Artist Marc Quinn returns to his beloved shoreline for a new exhibition of works at White Cube this month, a continuation of the artist’s ongoing interest with the motion and resulting detritus that defines patterns of water, flow, and humanity’s relationships with these fluid forces.
Like much of Quinn’s work, the pieces are defined by a certain delicacy of motion, often characterized by a single point of flux or force that ultimately renders the work in final form. Less immediately apparent is the dense work of degradation and and transference that the works seem to have undergone, a complex process that sees Quinn taking photographs of picturesque sunsets, and sanding them down, covering parts of the surface with spray-painted driftwood reliefs and impressions of manhole covers, sewer grates, and other symbols of controlled water flow in an urban landscape.
It’s this complexity that seems to run as an undercurrent in much of Quinn’s work, a process that emphasizes a single, unified principle, often obscuring the dense layers of work put into each piece. For The Toxic Sublime, even with such brashly rendered final products, a certain restraint of concept seems to temper these pieces. The work’s execution, as presented here, follows a single line of thought, tracing water gradually up from the shoreline (and even, to some degree, symbolically from the celestial) up across the beach and into the waterways of modern civilization. The degradation practiced here echoes the continued abstraction of water itself, from a bodily mass composing the majority of earth’s surface, through to a purely utilitarian force, one sustaining life and carrying waste away from humanity. Much like water itself, Quinn’s work seeks a middle ground, a representation of the space between man and nature as mediated by his chosen subject.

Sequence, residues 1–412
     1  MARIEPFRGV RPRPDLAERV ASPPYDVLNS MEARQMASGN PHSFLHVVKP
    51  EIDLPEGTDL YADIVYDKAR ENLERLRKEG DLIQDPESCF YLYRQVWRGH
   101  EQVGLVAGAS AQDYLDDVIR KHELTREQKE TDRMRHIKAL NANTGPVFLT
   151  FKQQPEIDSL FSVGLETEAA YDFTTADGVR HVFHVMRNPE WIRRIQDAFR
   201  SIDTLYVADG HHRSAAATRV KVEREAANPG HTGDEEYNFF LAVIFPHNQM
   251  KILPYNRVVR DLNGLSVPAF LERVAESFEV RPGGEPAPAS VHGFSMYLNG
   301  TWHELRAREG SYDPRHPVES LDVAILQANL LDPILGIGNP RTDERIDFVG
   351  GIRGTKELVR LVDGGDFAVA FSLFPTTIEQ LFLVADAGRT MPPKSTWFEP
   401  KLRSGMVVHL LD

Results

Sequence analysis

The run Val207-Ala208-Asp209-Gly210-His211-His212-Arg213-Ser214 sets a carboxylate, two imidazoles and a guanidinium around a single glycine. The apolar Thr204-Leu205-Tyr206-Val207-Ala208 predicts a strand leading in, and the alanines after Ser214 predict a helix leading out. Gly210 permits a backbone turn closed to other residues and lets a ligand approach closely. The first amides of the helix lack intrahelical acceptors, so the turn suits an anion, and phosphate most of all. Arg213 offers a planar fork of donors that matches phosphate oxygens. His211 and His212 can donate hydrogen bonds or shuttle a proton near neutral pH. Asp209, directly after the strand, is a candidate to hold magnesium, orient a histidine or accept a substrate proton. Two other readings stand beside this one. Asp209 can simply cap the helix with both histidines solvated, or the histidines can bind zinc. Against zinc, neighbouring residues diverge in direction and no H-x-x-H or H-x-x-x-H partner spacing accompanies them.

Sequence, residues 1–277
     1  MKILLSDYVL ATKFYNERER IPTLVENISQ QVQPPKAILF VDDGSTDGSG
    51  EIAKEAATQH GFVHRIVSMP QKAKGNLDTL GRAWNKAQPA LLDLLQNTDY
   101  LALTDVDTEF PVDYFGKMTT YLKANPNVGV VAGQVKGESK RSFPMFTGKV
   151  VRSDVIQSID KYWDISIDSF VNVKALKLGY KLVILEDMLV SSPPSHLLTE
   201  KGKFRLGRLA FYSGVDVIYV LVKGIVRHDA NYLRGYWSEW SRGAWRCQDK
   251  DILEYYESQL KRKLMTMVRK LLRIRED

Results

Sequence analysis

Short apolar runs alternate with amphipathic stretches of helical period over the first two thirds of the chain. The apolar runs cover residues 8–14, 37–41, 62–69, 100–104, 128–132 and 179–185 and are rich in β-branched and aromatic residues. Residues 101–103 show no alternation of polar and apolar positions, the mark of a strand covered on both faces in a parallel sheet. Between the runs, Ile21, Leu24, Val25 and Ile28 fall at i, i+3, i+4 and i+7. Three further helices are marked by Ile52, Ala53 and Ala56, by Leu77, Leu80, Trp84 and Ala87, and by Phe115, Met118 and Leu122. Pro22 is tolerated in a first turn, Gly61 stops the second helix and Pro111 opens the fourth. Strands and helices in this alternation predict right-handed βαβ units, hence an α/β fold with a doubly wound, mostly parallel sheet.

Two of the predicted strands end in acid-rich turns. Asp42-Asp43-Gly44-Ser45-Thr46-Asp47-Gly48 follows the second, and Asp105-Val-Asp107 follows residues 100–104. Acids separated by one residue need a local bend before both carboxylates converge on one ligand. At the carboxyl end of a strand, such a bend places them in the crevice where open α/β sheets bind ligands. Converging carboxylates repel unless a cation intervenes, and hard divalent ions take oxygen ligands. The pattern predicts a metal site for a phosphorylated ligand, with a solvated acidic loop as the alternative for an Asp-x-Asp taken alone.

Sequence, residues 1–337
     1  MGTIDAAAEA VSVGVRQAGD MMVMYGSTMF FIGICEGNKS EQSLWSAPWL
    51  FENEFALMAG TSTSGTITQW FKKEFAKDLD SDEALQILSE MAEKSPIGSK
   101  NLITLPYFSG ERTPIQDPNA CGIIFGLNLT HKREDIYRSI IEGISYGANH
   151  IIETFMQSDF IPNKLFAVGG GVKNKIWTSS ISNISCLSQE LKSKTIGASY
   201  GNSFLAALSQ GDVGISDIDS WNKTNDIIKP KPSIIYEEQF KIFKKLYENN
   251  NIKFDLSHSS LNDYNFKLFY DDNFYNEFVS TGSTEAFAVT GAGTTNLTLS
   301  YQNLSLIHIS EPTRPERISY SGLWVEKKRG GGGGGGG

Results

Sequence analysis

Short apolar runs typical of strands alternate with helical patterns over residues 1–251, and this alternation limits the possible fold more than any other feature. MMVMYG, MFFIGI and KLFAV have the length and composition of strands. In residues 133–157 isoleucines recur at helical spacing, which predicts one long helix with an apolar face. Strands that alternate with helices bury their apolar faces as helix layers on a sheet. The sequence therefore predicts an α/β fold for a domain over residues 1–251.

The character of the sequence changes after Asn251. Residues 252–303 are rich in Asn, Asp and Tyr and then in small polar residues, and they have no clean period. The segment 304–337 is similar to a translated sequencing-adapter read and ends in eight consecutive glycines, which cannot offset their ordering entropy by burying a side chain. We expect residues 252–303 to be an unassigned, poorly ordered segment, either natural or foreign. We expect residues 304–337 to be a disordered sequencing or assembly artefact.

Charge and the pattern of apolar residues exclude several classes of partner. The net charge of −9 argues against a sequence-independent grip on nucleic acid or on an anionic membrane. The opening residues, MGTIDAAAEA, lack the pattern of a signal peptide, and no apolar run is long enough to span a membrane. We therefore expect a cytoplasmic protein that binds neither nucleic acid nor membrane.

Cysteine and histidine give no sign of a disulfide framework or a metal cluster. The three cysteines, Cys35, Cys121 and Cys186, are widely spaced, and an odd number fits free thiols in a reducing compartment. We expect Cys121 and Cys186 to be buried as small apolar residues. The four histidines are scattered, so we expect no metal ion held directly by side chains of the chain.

Continuing in his philosophical thread, and perhaps acting as a crystallization of his thought in the exhibition, are a series of massive, stainless steel sculptures, scaled-up casts of shells that have been eroded by the ocean waves. Showing both momentary scratches and dents caused by collision with these ocean forces, and the long, elegant lines caused by wave erosion, the works feel a fitting counterpoint to Quinn’s violent battery of his wall-mounted works.
Tracing the movement of the waves against the needs and structures of modernity, The Toxic Sublime is on view through September 13th.
— D. Creahan
Marc Quinn at White Cube [Exhibition Site]